• Florida's Adventure Coast

Explore Open Spaces and Vibrant Places in Pasco County

 Up in the Trees & On the Water … Explore Open Spaces and Vibrant Places in Pasco County

Just 30 minutes north of Tampa and 75 minutes west of Orlando, Pasco County is home to endless outdoor adventures, including treetop aerial experiences, sunset island cruises, river kayak trips, Stand Up Paddle Board (SUP) excursions – and one of the best annual outdoor festivals honoring the little petite fruit known as the kumquat.


Among acres of ranches and pastureland in eastern Pasco County, nestled within a shady, oak-canopied forest, you’ll find Treehoppers, a zip-line aerial adventure park. At check-in, pick up your equipment and receive an instructional briefing, then gear up for thrilling fun. Harnesses with various safety clasps are provided and designed to create a safe environment so that you can become immersed in your adventure.

The park is designed much like a wagon wheel, with a central starting point high above on a large platform. From there, participants choose a “spoke of the wheel” depending upon the level of difficulty. The challenge is to walk, crawl, climb and zip through the forest across boardwalks, through swinging nets and hoops, over logs and branches, zipping between wooden perches. Watch the excitement as families, children and “friend” groups become absorbed in the experience and spectacular vistas high above the treetops.

Treehoppers Zip Line

You’ll be transformed as your courage and confidence grow with each level. However,  the moment of truth will come when harnessed to zip lines, taking a leap of faith and jumping off the platform, feet dangling and wind rushing, flying carefree through the air. This feeling of “letting go” makes it all worthwhile.

After each trek, you’ll be cheering with family and new friends with “high fives” all around.

Pasco Stilt Houses

Pasco Stilt House 

Originally constructed as wooden fishing camps elevated over water on deep pilings, these historical stilt houses date back to the early 1900s. They are fascinating reminders of Florida’s past and are still being used by local families today. You can view these nine surreal stilt houses situated off the shores of New Port Richey on the Pasco County coast. Towering over clear shallow water, with pelicans and cormorants perched along the railings while mullet jump, these structures provide a platform to enjoy the thriving marine life below.

There are nine Pasco Stilt Houses

Before motorboats, fishermen would “pole out” (using long poles) to the fishing flats where fish were plentiful. Today, anglers still catch mullet, redfish, flounder, snook, cobia, blue crab and more. During the early days, after a rigorous poling trek to the grassy flats, fishermen created resting places to prolong their fishing time. These docks with platforms and sheds eventually became known as stilt houses. “Squatters rights” determined the location for each fisherman as they found the spot they liked and built their lodge over the water. At one time, there were as many as 20 houses, but in 1968 Hurricane Gladys destroyed more than half. The Florida Legislature took steps to prohibit homes from being rebuilt. But Pasco County fought back, and the houses were “grandfathered in” allowing homeowners to rebuild. The houses are remote. Fresh water must be hauled in; some have generators, others have no electricity at all.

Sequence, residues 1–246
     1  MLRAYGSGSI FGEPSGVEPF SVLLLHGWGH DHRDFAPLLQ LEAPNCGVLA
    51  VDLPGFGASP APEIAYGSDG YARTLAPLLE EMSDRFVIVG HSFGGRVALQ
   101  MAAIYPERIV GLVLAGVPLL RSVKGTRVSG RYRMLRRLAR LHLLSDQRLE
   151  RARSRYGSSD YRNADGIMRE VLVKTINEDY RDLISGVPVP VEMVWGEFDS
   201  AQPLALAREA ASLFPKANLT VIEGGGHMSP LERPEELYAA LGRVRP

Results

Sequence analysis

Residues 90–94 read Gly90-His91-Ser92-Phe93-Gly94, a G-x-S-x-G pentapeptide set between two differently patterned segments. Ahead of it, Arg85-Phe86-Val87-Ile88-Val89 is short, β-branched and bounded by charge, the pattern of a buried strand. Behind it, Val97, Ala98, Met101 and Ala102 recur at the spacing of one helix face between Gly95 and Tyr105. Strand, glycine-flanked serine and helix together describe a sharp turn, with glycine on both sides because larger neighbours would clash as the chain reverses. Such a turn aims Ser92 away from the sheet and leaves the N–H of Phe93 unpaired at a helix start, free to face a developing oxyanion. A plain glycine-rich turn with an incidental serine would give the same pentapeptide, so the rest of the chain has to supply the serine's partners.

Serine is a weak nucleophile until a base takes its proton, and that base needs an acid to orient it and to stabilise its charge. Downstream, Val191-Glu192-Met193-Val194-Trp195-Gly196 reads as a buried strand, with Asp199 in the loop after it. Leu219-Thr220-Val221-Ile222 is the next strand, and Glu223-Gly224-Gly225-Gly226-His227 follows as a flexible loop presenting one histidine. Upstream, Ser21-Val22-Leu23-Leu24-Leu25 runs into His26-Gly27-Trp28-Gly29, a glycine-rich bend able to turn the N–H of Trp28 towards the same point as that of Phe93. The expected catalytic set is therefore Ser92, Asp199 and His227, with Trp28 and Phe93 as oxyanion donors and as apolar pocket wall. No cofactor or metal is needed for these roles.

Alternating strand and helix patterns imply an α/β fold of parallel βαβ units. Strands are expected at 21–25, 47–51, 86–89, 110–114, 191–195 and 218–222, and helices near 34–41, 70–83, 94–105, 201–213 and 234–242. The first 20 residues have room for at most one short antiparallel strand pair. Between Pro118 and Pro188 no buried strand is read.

One of the best ways to see the stilt houses is via a sunset cruise from Port Richey’s Gill Dawg Marina. Go with a planned tour, or rent your own pontoon boat. Once on the Gulf, you’ll see these rustic fishing lodges, and as the sun sets, the sky will transform into an amazing Technicolor pink-tangerine vista with the Pasco County stilt houses silhouetted against the sunset sky.

New Port Richey fishing boats 

Anclote Key Preserve State Park

Anclote Key Preserve State Park

Coastal Pasco County is beautiful and a good way to enjoy the waters is with a boat trip to Anclote Key Preserve State Park, one of Florida’s most stunning barrier islands, located off the county’s southwest coast in the Gulf of Mexico.

Anclote Key is known for shelling

Rent a pontoon boat (or take a chartered ferry) to an island the locals call the “sand bar,” a popular destination north of Anclote Key. Here you’ll join many boaters as they swim and snorkel in the clear shallow waters, picnic on the boat and visit with newfound friends. Then cruise to the Gulf side of Anclote Key where you’ll be mesmerized by the pristine white sandy beaches and surrounded by aquamarine water under deep blue skies. If you are fascinated with shells, you’ll love the abundance of brightly colored specimens that the island is known for. Hike to the Anclote Key’s historic 1887 lighthouse that frames a picture-perfect background. And you just might get lucky if a family of dolphins escorts you on your return trip, surfing the boat wake and jumping in and out of the waves.

River Cruising on the “Cotee”

Pithlachascotee River or the “Cotee”